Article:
This week has been about photography in low light. After watching the Lynda.com video and practicing, I have learned that while in product shooting you need to have your ISO very low, in low light shooting you can use ISO to your advantage as well. It’s all about balancing with shutter speed, aperture and ISO. You can get totally different feeling captured to the photos when you try different settings.
- Describe the steps that you will take to ensure that you take a high quality photograph in low light conditions. Refer to exposure, lenses, tripods, colour temperature, flash and ISO. Your answer should be a minimum of 350 words.
First thing is to find the right exposure for the photo. The exposure time makes a big difference. If you want a misty feel where the light are drawing the picture (shooting for example a car or a waterfall and you want the movement in the picture), you use a longer shutter speed but if you shoot more stationary object like a statue or a building where you are aiming to have more stationary feeling, you use shorter exposure time to get more focused photos. The shutter speed affects then the aperture and depth of field. The longer the exposure time can be the smaller the aperture can be.
With ISO you can play a bit. If you lift it up, it will give you a shorter shutter speed but it also creates noise to your photos. In same cases for example if shooting a person in low light and wanting a misty, mysterious feeling to the picture, the picture can benefit from high ISO. You just have to be aware of it and decide what’s good for the picture. Be also aware of the light spots that can be created to the picture.
When you shoot with longer exposure time, a good tripod is a must to avoid the camera to shake. It’s handy in certain situations but if you’re shooting low light situations where you have to move to take the picture, keep the exposure time in mind to avoid the camera shake.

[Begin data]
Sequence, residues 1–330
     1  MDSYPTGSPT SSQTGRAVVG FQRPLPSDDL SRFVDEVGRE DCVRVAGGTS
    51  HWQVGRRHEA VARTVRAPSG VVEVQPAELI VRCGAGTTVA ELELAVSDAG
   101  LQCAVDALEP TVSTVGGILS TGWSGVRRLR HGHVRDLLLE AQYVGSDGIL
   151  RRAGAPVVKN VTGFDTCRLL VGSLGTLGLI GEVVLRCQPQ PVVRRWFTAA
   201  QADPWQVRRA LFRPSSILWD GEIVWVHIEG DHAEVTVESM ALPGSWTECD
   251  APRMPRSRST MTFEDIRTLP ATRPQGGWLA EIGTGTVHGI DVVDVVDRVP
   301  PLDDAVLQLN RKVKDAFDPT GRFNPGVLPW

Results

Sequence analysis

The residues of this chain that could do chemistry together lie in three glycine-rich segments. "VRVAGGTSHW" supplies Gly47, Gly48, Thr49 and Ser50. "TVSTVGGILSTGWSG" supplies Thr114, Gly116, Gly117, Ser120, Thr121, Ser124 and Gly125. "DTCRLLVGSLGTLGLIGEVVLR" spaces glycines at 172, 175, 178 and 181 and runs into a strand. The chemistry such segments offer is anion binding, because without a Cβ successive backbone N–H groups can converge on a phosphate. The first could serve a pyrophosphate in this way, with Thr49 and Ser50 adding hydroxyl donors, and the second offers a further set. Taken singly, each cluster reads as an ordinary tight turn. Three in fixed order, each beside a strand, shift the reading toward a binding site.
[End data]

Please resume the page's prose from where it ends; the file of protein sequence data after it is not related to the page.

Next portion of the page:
The lenses makes a big difference as well in low light conditions. With a standard zoom lens, more you zoom in the darker the picture will be. With a “fast” lenses you can get more light but you also have to do the zooming yourself which is not a bad thing in many occasions. All of this makes a big difference when you’re shooting in low-light.
Different lights have different color temperatures. Daylight has a blue tinge, fluorescent light has a green tinge and household light bulbs have a yellow or orange tinge. The camera has to know in which light you’re shooting and you can control it from the camera’s menu by changing the colour balance.
To avoid hard shadows and cold look to your pictures, it’s a good to avoid using the pop up flash while shooting in low-light. It’s better to set your ISO bigger and to use longer exposure time to get better colour balance and softer shadows. That to be mentioned there is a place for using a (external) flash in low light conditions as well when you use it right. For example place it behind the shooting object so that it will give lift the object up but not disturb your photo.
2. Watch the Lynda course Foundations of Photography: Night and Low Light by Ben Long (4h 0m). Take four low-light photographs.
One should be a sharp photograph that focuses on a static object, like a building or statue.
1.3s, ISO 300, F/9, focal length 50mm in both of these.
The second photograph should showcase moving objects, like cars or running water.
1s, f/16, ISO 640. Nikon Z6, mirrorless camera. 50mm lens.
For the third photograph, take a moody portrait of a friend and use high ISO settings to your advantage.
The fourth photograph should explore using external light sources, like a Speedlite flash. (Please note, if you don’t have the equipment to take this last photograph, you may leave it out.)